Premiere and first recording[edit]

Kirsten Flagstad (c. 1945)

One of the last wishes of Richard Strauss was that Kirsten Flagstad be the soprano to introduce the four songs. "I would like to make it possible," he wrote to her, "that [the songs] should be at your disposal for a world premiere in the course of a concert with a first-class conductor and orchestra."[8]

The premiere was given posthumously at the Royal Albert Hall in London on 22 May 1950, sung by Flagstad, accompanied by the Philharmonia Orchestra conducted by Wilhelm Furtwängler. The performance was made possible by a magnanimous offer by the Maharaja of Mysore, Jayachamarajendra Wadiyar Bahudar. Though he could not be present, the music-loving maharaja put up a $4,800 guarantee for the performance, so that the Four Last Songs could be recorded for his large personal collection – then estimated at around 20,000 records – and the recording then shipped to him in Mysore.[8]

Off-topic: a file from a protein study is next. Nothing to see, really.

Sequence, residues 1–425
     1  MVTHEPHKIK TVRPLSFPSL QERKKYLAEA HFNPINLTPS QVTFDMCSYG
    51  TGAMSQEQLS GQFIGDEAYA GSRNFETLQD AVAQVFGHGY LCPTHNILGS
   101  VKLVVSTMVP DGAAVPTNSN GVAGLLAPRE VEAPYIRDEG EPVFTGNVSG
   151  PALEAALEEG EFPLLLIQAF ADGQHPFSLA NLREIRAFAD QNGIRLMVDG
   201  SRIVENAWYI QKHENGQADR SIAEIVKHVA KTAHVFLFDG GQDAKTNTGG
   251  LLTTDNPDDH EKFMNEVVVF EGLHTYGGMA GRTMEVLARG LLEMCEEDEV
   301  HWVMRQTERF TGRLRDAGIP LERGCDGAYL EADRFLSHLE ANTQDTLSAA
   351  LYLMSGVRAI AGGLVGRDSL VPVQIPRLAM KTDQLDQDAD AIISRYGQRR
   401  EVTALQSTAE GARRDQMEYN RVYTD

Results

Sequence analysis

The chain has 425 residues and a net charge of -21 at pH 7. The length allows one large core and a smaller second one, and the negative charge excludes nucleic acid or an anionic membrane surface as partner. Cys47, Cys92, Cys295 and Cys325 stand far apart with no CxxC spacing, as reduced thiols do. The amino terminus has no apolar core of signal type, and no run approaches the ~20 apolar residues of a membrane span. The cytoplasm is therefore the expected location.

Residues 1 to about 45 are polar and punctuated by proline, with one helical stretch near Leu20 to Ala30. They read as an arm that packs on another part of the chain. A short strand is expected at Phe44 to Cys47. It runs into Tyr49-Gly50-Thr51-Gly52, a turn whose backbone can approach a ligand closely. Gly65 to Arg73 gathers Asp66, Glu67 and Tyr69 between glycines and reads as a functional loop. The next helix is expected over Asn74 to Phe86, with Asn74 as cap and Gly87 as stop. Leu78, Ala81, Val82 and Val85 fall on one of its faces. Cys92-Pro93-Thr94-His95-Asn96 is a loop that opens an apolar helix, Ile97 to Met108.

The performance was recorded on acetate discs. They became badly worn before the first LP transfer, which was generally considered very poor. Subsequent restorations using modern digital technology were effected in 2007 by Roger Beardsley for Testament Records,[9] and in 2014 by Andrew Rose for Pristine Audio.[10]

Related songs[edit]

Timothy L. Jackson has noted that Strauss had composed the song "Ruhe, meine Seele!" for piano and voice in 1894 from a poem by Karl Friedrich Henckell, but did not orchestrate it until 1948, just after he had completed "Im Abendrot" and before he composed the other three of his Four Last Songs. Jackson suggests that the addition of "Ruhe, meine Seele!" to the Four Last Songs forms a five-song unified song cycle, if "Ruhe, meine Seele!" is performed as a prelude to "Im Abendrot", to which it bears motivic similarity.[11]


Note: the texts for the three songs by Hermann Hesse are copyrighted until 2032, and therefore cannot be reproduced on Wikipedia. They can however, be found online at

4. "Im Abendrot"[edit]

("At sunset") (Text: Joseph von Eichendorff)

Wir sind durch Not und Freude
gegangen Hand in Hand;
vom Wandern ruhen wir beide
nun überm stillen Land.

Rings sich die Täler neigen,
es dunkelt schon die Luft.
Zwei Lerchen nur noch steigen
nachträumend in den Duft.